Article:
User Stories

Mondragon University Students Build Practical Engineering Skills Through Project-Based Learning

Challenge

Prepare students to meet industry need for engineers with practical skills and experience

Solution

Provide campus-wide access to MATLAB and Simulink to support project-based learning

Results

  • Low-cost, practical projects supported
  • Student engagement increased with ability to use tools anywhere, anytime
  • Positive industry feedback received

“Campus-wide access to MATLAB and Simulink enabled us to develop and implement an educational model founded on practical, project-based learning that helps students go from merely knowing engineering concepts to knowing how to apply them.”

Carlos García, Mondragon University

A principal goal of Mondragon University is to give students direct work experience right from the start of their studies. In support of this goal, the Faculty of Engineering has adopted a project-based learning approach in which student teams spend four to six weeks of each semester working on engineering projects. Beyond reinforcing class material, the projects enable students to develop skills in project leadership, negotiation, communication, and teamwork.

Mondragon University supports project-based learning by providing all students with anytime, anywhere access to MATLAB® and Simulink®.

“Campus-wide access to MATLAB and Simulink has enabled us to develop a practical and applied teaching methodology,” says Carlos García, general manager of the Faculty of Engineering at Mondragon University. “Within this model our students learn to use these tools to analyze, model, and simulate systems, so they know how a system will perform before they implement it.”

Challenge

Mondragon University recognized that a teaching methodology in which students worked in groups on real projects would produce graduates with many of the core skills required by industry.

While the engineering faculty viewed the adoption of project-based learning as a way to reorient the curriculum to industry needs, the transition to project-based learning presented challenges. First, faculty had to restructure their courses by reducing the number of lectures, introducing practical assignments, and allotting time for projects. Second, students needed the freedom to work on assignments and projects wherever and whenever they needed to, and not just in computer labs for a few hours at a time.

Solution

Mondragon University acquired a Total Academic Headcount (TAH) license, providing all students and faculty with campus-wide access to MATLAB and Simulink and enabling the engineering faculty to integrate the tools throughout the curriculum.

First-year undergraduate engineering students begin using MATLAB and Simulink in programming and other core courses. In mathematics classes they use MATLAB, Symbolic Math Toolbox™, and the MuPAD engine to complete assignments on integrals, ordinary differential equations, and Fourier series.

In class assignments and final projects in their second year and beyond, the students use MATLAB and Simulink to model and simulate systems. For example, third-year electronics engineering students use Simulink to develop and verify a control system for a small mobile robot.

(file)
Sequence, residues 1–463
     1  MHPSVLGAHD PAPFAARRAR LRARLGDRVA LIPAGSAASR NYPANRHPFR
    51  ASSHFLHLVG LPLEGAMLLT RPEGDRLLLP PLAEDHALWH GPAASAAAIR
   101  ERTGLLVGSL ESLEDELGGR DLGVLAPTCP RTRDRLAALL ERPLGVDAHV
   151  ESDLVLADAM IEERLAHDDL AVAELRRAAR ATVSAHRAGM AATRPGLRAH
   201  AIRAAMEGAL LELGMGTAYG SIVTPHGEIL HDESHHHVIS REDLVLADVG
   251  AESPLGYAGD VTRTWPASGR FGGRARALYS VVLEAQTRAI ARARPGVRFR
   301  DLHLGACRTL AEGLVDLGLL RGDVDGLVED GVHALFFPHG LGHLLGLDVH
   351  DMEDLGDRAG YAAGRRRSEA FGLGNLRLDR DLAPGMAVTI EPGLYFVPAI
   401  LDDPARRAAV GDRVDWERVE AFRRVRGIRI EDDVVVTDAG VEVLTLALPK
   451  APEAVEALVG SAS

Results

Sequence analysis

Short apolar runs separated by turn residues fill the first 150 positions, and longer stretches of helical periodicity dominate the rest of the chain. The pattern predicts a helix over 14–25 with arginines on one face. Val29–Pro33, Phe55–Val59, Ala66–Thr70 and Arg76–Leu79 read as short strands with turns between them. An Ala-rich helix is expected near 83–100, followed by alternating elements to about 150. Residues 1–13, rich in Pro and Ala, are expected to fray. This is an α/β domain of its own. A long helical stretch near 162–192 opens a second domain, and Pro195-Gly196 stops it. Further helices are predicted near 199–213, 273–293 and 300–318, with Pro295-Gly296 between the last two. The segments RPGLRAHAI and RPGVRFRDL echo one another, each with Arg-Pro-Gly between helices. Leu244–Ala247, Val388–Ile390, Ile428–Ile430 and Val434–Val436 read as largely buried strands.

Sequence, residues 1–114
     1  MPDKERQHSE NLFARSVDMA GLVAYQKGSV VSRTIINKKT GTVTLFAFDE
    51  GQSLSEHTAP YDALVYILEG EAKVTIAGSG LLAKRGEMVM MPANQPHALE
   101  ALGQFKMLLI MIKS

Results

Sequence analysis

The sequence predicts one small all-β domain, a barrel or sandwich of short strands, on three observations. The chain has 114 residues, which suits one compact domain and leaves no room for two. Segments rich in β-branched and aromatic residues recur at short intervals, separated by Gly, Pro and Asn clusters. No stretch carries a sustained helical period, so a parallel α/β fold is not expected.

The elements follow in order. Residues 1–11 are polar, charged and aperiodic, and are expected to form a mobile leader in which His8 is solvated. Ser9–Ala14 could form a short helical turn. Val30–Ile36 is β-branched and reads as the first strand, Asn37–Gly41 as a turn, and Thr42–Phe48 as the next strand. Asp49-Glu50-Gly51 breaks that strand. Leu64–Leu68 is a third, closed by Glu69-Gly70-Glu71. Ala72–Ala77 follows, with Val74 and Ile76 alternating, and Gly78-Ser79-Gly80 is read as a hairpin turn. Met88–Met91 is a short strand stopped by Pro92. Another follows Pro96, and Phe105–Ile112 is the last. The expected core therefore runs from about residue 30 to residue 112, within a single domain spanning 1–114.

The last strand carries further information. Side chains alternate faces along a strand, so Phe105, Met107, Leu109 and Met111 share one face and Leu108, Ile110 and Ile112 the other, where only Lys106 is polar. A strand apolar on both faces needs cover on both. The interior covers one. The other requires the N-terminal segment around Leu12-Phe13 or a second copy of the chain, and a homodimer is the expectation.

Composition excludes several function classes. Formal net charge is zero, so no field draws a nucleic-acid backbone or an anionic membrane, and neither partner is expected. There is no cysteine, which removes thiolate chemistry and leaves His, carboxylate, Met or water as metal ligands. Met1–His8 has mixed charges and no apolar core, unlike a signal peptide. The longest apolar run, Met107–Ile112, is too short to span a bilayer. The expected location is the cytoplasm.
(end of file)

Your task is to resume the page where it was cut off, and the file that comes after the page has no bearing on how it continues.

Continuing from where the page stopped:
Graduate students use MATLAB and Simulink for Model-Based Design extensively. Students pursuing a master’s degree in power electronics and energy, for example, design and implement an advanced control system for a vertical-axis wind turbine.

For this project, teams of four or five students use MATLAB to analyze and characterize the dynamics of a real turbine operating in the lab. Based on this analysis, they develop a full system model in Simulink that includes turbine, generator, rectifier, converter, and battery components.

Working in Simulink, the teams design and model a control system that uses maximum power point tracking algorithms to optimize power generation for various wind speeds.

After tuning and verifying their design through simulation, the teams use Simulink Coder™ to generate C code from their controller model and deploy it to dSPACE® hardware for real-time testing with the turbine.

The teams analyze and visualize the test results in MATLAB and refine their controller designs based on this analysis.

Doctoral students at the university use MATLAB and Simulink to analyze, model, and simulate cybernetic, telecommunications, and embedded systems in their research. Years of experience working in close collaboration with industry have demonstrated to the faculty that models tested and verified with MATLAB and Simulink accurately reproduce the behavior and performance of the final real product, facilitating validation processes and reducing their cost.

Results

  • Low-cost, practical projects supported. “Simulation with Simulink is a valuable stepping stone between theory and implementation that saves considerable time and money, particularly when a project involves a turbine or other costly system hardware,” García says.

  • Student engagement increased with ability to use tools anywhere, anytime. “With the TAH license, students have the flexibility to use MATLAB and Simulink on their own laptops at home or wherever they are, whenever they want to,” notes García. “In surveys, students reported that this is an important advantage, as it enables them to delve more deeply into their work than would be possible otherwise.”

  • Positive industry feedback received. “Many companies in our area have told us they are happy with the results of our move to project-based learning,” says García. “Companies that use simulation already and companies looking to lower costs by introducing simulation recognize the benefits of hiring graduates who have practical experience with MATLAB and Simulink.”